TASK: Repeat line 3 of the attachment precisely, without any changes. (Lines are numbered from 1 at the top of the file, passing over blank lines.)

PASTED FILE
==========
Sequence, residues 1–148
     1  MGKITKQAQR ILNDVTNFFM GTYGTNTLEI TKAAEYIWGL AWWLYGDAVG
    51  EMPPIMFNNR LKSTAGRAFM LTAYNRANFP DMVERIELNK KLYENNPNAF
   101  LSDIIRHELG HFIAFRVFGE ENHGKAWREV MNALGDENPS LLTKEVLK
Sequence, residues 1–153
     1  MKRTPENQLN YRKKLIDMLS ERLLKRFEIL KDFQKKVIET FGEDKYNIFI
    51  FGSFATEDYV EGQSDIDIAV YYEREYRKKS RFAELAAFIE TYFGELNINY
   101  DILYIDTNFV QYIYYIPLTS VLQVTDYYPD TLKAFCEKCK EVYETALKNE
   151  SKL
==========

    51  EMPPIMFNNR LKSTAGRAFM LTAYNRANFP DMVERIELNK KLYENNPNAF